* Fine ultra wire – I used chartreuse this time
* Soft feathers – one per fly
* Tying thread – I used 8/0 Uni thread in olive
* Hook – I used a size 14 long shank for damselfly nymph proportions

For the soft feathers:

I picked these up under some trees where the ring necked parakeets spend most of their time...

I picked these up under some trees where the ring necked parakeets spend most of their time…

All you need now is a hook, some chartreuse ultra wire and some olive green tying thread. I complete the process with a dab of superglue on the head. Here’s how it went:

easy does it! take care on the hackles... small feathers call for dexterity and a light touch.

easy does it! take care on the hackles… small feathers call for dexterity and a light touch.

delicate shadows from soft hackles play in the late evening sunlight...

delicate shadows from soft hackles play in the late evening sunlight…

I strive to create symmetry and uniformity even though each one is unique…

Verdant green, yet another nod to the ring necked parakeets... how well will they mimic damsel fly larvae?

Verdant green, yet another nod to the ring necked parakeets… how well will they mimic damsel fly larvae?

The simple, soft hackled wet fly with no tail is often called a spider pattern. Have a go tying your own using feathers collected from the grounds surrounding your favourite lake or stream.

Good luck!

Thank you for reading.

nature really is our best friend – bees and flowers in the city


When I wrote my first blogpost (appreciation and sharing) I wrote the following:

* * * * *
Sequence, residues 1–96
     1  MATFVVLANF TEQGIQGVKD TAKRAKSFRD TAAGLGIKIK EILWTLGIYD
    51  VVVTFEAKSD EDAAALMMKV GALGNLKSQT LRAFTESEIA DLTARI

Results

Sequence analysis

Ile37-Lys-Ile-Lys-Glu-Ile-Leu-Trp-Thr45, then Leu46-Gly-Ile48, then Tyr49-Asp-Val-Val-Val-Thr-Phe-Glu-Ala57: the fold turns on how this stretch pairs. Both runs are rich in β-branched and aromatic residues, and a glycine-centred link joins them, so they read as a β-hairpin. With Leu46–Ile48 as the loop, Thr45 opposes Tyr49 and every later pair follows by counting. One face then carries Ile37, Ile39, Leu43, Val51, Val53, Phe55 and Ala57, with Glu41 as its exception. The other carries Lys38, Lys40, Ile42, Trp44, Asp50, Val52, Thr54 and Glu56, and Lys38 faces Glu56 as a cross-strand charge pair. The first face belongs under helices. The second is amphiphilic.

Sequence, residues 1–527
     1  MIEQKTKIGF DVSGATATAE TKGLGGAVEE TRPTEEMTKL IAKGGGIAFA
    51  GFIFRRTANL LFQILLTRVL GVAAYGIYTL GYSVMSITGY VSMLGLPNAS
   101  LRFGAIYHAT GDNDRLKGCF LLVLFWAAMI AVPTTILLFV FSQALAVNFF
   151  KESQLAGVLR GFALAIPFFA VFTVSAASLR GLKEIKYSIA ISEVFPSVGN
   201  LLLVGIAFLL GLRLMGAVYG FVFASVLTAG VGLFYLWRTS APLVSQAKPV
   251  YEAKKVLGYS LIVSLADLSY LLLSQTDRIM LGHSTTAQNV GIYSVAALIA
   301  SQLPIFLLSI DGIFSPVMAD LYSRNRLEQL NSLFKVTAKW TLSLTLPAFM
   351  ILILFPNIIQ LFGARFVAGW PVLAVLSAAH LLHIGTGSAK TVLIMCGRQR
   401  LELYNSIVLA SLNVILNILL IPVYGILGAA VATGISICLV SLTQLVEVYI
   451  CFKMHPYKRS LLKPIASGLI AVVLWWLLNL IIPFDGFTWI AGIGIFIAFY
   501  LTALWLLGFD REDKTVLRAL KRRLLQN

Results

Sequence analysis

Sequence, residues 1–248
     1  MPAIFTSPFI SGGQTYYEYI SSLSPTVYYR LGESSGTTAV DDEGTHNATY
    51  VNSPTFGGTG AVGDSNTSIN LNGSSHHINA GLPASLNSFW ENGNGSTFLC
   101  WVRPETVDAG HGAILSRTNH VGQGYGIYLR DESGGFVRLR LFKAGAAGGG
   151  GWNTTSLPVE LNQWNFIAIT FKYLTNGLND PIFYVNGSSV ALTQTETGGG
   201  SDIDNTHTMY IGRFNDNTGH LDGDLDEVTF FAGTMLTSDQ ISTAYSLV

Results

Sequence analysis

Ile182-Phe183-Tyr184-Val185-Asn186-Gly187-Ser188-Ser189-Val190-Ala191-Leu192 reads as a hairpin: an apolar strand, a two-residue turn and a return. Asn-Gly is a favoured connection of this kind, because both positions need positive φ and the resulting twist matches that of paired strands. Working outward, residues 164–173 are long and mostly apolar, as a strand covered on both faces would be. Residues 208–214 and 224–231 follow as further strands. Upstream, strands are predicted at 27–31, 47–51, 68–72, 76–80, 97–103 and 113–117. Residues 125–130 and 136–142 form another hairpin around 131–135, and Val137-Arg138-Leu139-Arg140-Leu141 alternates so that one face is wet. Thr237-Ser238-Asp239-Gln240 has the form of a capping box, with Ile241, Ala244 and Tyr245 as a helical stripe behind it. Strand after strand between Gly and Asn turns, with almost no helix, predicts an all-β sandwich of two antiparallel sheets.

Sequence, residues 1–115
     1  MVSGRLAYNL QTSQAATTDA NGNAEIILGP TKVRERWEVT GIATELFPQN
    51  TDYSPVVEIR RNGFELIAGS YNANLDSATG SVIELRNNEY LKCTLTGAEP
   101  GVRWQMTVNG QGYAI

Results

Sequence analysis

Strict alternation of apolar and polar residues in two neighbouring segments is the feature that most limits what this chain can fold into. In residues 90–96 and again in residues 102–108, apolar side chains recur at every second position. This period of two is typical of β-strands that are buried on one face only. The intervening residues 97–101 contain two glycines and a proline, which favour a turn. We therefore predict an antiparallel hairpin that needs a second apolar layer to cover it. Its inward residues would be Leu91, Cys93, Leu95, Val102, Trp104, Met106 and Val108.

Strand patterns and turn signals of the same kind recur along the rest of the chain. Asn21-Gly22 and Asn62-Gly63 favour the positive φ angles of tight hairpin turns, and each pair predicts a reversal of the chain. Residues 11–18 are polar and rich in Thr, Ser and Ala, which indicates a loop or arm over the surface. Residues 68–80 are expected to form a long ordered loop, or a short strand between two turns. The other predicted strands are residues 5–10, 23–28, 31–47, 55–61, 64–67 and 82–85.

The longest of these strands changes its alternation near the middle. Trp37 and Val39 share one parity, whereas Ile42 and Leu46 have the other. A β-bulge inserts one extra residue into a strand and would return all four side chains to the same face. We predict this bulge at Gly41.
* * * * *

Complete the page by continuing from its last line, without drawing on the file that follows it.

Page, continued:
“Conservation and appreciation of Nature is the primary focus of my blog – sustainable use of the outdoors with a view to unearth and hopefully master long forgotten traditions, celebrating experiences and, through teaching others, paving the way for new pathways into the future.”

It seems fitting to post something that brings all these elements to the fore amongst the hustle and bustle of London’s Sloane Square. I salute people who think in terms of flower superhighways and who take the trouble to hand out seeds that will help build them…

respect to J. Crew for taking the initiative and building walls of flowering plants on their Sloane Square outlet... If you are in London, go and get some of their seeds and plant them this summer...

respect to J. Crew for taking the initiative and building walls of flowering plants on their Sloane Square outlet… If you are in London, go and get some of their seeds and plant them this summer… Photo – worklondonstyle http://worklondonstyle.com

I thank my Darling Wife for her infinite patience and support of metiefly over the last 15 months. As we sip our Twinings English Breakfast, I wish to share a strong message on behalf of fauna and flora all over the world… Thank you J.Crew for this fabulous project!

a picture tells a thousand words... What can you do to make your own little corner of the universe a better place for all living things?

a picture tells a thousand words… what can you do to make your own little corner of the universe a better place for all living things?

Lastly, on my 100th blogpost, I wish thank you, my plethora of very special readers for joining me in my little adventure… I look forward to your next visit.

27 July update... Fantastic to see the flowers opening, just in time to help the bees through the late stages of summer and into autumn. Please share your results if you also grew some this year!

27 July update… Fantastic to see the flowers opening, just in time to help the bees through the late stages of summer and into autumn. Please share your results if you also grew some this year!